Here eight things you can do to reach that goal.
1. Do your homework.
Most people don't. Just by being prepared you will enjoy an advantage. Know what the meeting is all about -- the stated purpose as well as the hidden agenda. If you don't know, ask. Study the background materials. Set your own goal for the session. Make a list of the points you want to make and compile the facts to support them.
2. Never be late for a meeting.
If the others have started without you, you begin with a disadvantage. The positioning ritual has already begun, and some information has been exchanged.
3. Understand that meetings go through stages:
1) participants feel out each other; 2) a pecking order is established; 3) ground rules and purposes emerge; and 4) the subject is addressed.
Obviously, you clog up the process if you are operating in one stage while others are in another.
4. Understand the dynamics of the meeting, especially the seating arrangement.
For example, you will see that if you are to be seated at a rectangular table, the leader will gravitate to the head of the table, whether the seat is assigned or not; the number two person will sit at the other end. Even if someone other than the top honcho is seated at the head of the table that person will act more forcefully than usual.
You can also get a feel for how confident various people are feeling about their roles by observing how they sit in their chairs. Those who are confident in their power are likely to be sitting more relaxed, sort of laid back in their chairs. Those who are supplicants, anxious to win a point or make an impression, are apt to be sitting forward in a somewhat rigid position.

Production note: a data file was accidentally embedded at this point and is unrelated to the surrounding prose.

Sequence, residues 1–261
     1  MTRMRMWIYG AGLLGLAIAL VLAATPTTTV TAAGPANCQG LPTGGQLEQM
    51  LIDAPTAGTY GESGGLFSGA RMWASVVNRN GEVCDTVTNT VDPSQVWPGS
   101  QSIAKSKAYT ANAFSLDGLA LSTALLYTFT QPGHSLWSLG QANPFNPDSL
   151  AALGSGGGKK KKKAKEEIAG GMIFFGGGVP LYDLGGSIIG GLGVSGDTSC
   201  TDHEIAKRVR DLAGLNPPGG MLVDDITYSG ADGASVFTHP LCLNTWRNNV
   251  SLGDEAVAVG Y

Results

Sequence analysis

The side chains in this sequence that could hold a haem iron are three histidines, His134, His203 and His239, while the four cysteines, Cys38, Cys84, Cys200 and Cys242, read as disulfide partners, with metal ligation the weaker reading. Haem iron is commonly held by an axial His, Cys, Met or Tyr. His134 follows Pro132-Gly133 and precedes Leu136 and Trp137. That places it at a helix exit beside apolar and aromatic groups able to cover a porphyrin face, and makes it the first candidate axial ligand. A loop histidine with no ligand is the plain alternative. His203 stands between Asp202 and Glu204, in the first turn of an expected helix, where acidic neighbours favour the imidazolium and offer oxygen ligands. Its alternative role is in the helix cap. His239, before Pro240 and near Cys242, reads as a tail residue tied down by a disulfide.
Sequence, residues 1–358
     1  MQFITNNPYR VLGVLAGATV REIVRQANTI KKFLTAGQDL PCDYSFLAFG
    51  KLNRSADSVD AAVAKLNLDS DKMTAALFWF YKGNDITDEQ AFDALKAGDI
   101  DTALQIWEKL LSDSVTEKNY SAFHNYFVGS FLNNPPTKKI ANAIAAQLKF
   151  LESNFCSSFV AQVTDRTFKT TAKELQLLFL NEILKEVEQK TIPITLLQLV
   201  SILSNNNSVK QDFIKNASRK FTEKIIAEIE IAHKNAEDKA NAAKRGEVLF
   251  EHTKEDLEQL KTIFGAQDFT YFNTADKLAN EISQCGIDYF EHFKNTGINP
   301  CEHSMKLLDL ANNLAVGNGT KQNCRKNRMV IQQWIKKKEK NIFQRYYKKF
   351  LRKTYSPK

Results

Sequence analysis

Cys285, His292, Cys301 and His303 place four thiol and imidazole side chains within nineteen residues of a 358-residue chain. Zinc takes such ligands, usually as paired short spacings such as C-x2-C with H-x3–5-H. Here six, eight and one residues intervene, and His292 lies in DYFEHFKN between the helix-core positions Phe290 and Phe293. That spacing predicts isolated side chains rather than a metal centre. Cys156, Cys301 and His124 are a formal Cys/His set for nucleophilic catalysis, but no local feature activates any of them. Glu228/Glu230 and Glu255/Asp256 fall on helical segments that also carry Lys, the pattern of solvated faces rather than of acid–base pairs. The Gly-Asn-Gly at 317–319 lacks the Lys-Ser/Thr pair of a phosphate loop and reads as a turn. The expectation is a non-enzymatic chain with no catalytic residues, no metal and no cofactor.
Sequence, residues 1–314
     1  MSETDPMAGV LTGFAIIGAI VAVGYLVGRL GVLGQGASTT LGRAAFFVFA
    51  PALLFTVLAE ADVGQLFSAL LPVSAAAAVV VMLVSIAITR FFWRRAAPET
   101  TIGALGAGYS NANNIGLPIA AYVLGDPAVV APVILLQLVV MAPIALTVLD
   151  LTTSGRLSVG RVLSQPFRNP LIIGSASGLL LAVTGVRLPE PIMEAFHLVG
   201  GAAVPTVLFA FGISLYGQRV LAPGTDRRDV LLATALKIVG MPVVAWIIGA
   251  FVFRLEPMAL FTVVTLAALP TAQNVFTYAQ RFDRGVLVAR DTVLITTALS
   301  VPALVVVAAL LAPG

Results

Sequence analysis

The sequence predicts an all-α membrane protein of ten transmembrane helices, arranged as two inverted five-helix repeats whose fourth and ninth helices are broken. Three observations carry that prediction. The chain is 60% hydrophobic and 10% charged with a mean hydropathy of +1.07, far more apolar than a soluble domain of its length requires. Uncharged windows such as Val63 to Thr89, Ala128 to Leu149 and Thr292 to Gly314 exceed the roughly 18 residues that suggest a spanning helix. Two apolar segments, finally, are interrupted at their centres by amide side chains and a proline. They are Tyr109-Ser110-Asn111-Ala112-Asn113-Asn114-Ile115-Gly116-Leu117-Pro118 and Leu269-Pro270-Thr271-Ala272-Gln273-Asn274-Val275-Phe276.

You weren't invited to the meeting because of your good looks.
Speak up. If you have questions about the purpose of the meeting or the order of the agenda, say so. Help keep things on track by sticking to the point and challenging (in a friendly way) those who stray off the path.
6. If you have what you think is the best idea since sliced bread, offer it with confidence and enthusiasm, but not as if it were the only solution.
If someone tries to skew your idea in a direction you never intended, try saying, "I am sorry I didn't make myself clear. What I was suggesting was..."
Expect that others may attempt to amend your idea. If they are successful, always be the one who restates the revised version. This way you are assured your core idea survives and you retain authorship.
7. Don't be afraid to disagree with other participants when it is necessary.
Although, disagreements are never pleasant, the meeting is foreordained to failure if honest differences of opinion aren't tolerated. Try to disagree pleasantly, of course.
8. Do your part to make meetings effective.
Remember, some wise man said, "The only thing wrong with meetings is the people who attend them."
Ramon Greenwood, Senior Career Counselor at Common Sense At Work, is a former Senior Vice President of American Express. To subscribe to his free semi-monthly newsletter and blog please go to http://www.commonsenseatwork.com/getitnow.
© 2007 Ramon Greenwood
The views and opinions expressed in these articles do not necessarily reflect those of College Central Network, Inc. or its affiliates. Reference to any company, organization, product, or service does not constitute endorsement by College Central Network, Inc., its affiliates or associated companies. The information provided is not intended to replace the advice or guidance of your legal or medical professional.